43 The same rationale is seen as underlying the doctrine in New Zealand today. In R v Uljee  1 NZLR 561, 572 Richardson J said:
"For the focus of the solicitor and client privilege is not on the conduct of third parties at all. It is on the freedom of communication between lawyer and client. So it is on the effect on solicitor and client if that confidentiality is not assured."
44 Some principles are well established and were confirmed by Lord Taylor CJ in R v Derby Magistrates' Court, Ex p B  AC 487, 503g-h. First, the privilege remains after the occasion for it has passed: unless waived "once privileged, always privileged". Secondly, the privilege is the same whether the documents are sought for the purpose of civil or criminal proceedings and whether by the prosecution or the defence. Thirdly, the refusal of the claimant to waive his privilege for any reason or none cannot be questioned or investigated by the court. Fourthly, save in cases where the privileged communication is itself the means of carrying out a fraud, the privilege is absolute. Once the privilege is established, the lawyer's mouth is "shut for ever": see Wilson v Rastall (1792) 4 Durn & E 753, 759, per Buller J. The society has not alleged that any of the documents fall within the excepted category, but if any of them does it retains the right to make such a claim hereafter.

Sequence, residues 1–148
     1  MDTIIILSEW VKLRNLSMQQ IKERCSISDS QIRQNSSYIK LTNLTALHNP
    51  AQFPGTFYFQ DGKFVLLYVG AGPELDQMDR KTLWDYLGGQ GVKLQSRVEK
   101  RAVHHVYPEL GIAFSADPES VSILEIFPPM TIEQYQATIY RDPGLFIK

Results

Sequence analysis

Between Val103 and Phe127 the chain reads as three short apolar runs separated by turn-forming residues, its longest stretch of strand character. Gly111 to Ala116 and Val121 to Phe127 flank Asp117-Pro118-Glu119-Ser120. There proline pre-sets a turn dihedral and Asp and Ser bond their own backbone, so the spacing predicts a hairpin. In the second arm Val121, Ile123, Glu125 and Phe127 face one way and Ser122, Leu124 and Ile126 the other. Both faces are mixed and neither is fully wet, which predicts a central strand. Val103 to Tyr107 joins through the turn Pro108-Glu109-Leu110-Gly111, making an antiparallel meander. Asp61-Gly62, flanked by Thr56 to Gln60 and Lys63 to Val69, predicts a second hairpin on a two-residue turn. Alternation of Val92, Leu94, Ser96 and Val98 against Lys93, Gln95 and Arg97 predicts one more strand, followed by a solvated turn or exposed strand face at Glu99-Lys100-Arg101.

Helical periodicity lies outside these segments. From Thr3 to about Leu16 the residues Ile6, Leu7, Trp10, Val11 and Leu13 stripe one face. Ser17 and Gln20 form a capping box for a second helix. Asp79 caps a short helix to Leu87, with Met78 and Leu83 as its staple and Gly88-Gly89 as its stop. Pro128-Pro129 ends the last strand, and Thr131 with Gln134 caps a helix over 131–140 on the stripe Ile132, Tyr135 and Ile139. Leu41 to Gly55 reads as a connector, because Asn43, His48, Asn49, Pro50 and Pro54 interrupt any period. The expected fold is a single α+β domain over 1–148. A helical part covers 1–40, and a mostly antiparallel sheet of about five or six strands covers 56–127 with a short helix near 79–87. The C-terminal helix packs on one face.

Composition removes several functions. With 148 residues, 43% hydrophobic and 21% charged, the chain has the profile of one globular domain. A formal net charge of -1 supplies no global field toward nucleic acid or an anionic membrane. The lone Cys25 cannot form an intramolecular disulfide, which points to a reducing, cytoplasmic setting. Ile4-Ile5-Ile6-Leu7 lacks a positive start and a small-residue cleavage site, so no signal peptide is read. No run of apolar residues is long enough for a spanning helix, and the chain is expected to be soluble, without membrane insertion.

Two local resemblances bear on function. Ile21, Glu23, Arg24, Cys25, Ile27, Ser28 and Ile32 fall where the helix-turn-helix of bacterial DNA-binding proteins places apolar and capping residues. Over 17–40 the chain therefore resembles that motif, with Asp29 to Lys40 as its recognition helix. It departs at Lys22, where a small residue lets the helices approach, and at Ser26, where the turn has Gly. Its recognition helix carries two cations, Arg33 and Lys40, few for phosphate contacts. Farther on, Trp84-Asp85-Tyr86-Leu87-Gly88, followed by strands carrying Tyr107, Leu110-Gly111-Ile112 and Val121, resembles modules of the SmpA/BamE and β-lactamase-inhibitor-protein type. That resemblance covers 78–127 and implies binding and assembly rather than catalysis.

45 It is, of course, well established that the privilege belongs to the client and not to his lawyer, and that it may not be waived by the lawyer without his client's consent. But the privilege is available to the client whether he is a layman or a lawyer; even a lawyer - perhaps especially a lawyer - has need of the services of another lawyer if he becomes personally embroiled in legal proceedings.